From the Summit County Citizens Voice (Bob Berwyn):
Trout Unlimited this week awarded a $4,500 Embrace-A-Stream grant to its Collegiate Peaks chapter in the Upper Arkansas River Valley. The chapter, based in Salida and Buena Vista, proposes to conduct assessment and stakeholders meetings for the South Arkansas River to create a plan for conservation and restoration of the entire river corridor. This plan would act as the blueprint for future work conducted by the Collegiate Peaks Anglers Chapter and the Land Trust of the Upper Arkansas by identifying projects that would improve fish habitat, stabilize banks, remove obstacles, restore native vegetation, and reduce negative impacts into the system. Many of these future projects would be in partnership with private landowners and utilize community volunteers.
From the Cañon City Daily Record (Charlotte Burrous):
“The engineers have included two things I requested in here,” Mayor Paul Villagrana said. “One was a looping deck in the future and also looking to the possibility of repairing the South Water Reservoir plus raw water storage.” He said this is a good first step in providing the city a guide or a map for future water needs…
If this is approved, Richard Saxton, of The Engineering Company, will put the document together before August, said City Clerk Dori Williams. “So you’ll have your budgeting tool for 2012, 2013 and 2014 budgets,” she said.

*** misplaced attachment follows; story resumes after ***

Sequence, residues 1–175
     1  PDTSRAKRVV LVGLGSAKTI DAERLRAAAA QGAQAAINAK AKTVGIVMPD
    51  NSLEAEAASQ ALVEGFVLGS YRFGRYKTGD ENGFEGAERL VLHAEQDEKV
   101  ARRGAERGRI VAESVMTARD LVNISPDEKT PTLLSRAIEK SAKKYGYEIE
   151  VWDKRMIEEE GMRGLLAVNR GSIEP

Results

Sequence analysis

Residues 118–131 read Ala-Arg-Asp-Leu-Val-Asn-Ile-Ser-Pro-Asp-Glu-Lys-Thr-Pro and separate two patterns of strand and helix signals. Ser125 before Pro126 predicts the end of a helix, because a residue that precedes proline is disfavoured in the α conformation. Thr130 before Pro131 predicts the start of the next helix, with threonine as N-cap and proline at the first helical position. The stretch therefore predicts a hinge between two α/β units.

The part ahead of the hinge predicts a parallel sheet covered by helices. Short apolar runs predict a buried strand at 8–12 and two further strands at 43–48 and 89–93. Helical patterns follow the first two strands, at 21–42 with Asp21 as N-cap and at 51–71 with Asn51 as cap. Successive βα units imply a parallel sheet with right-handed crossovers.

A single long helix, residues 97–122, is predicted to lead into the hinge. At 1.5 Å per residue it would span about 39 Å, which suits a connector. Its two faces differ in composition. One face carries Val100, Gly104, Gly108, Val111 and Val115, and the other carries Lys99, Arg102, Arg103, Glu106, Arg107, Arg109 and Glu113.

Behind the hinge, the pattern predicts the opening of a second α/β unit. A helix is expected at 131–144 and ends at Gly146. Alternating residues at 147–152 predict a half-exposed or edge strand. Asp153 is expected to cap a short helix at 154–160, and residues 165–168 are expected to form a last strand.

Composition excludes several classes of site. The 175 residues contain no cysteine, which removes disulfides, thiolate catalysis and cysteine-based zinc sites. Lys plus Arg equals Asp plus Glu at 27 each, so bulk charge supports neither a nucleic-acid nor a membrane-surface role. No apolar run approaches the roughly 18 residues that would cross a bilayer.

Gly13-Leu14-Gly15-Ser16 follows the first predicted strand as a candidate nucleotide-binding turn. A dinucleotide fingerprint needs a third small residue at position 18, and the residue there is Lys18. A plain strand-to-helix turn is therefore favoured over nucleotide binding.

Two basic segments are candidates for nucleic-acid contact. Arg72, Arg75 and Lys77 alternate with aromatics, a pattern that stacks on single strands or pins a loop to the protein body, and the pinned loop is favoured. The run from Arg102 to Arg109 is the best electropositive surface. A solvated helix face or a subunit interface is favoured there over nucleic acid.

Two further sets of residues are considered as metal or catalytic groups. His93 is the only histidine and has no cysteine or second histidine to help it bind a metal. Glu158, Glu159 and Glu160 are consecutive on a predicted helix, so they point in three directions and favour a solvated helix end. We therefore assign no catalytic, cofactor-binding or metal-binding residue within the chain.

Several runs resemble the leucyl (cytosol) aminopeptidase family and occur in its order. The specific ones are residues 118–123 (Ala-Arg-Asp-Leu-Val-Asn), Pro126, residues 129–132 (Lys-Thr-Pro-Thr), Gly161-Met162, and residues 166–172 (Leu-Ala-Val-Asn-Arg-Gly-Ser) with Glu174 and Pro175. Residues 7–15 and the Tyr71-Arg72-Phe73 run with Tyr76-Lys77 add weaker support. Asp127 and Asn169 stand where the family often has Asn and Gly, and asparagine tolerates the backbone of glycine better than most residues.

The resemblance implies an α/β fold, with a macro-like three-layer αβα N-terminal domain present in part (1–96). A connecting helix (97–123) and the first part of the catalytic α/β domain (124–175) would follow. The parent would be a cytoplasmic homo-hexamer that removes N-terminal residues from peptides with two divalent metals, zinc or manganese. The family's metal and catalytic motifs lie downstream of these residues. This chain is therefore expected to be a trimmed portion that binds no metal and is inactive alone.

State Rep. Wes McKinley, D-Walsh, told the House Finance Committee that HB1208 aims to hold the state to its promise. “We made a deal with these people,” McKinley said. “We’re just going to have to go ahead and honor the deal.”[…]
McKinley said when the state began offering tax credits to leave land untouched, many in the land-rich but cash-poor agriculture community seized the opportunity. Because tax liabilities in the agriculture world are few, land donors parted with their tax credits for about 75 percent of their value to purchasers facing steep tax liabilities. When buyers redeemed those tax credits, the Department of Revenue rejected many because appraisers had overvalued the land by 500 to 1,000 times its true worth, in some cases. Buyers of the credits in turn sought to be made whole by the donors they had purchased the tax credits from, but often the proceeds of the easement sale had long been devoured by the expenses associated with agriculture — feed, seed and sustenance during droughts and blizzards that decimated crops and herds…
In short, HB1208 “simply says the credit will be allowed,” and the director will not contest or dig deeper into the appraised value of the conservation easement or its validity unless an appraiser associated with the credit has been found to commit fraud. The Department of Revenue has decried McKinley’s amnesty bill because landowners who recognize a prospect that could spare them the expense of squaring up with the state have been reluctant to participate in scheduled mediation sessions in hopes that the Legislature will whisk their problem away.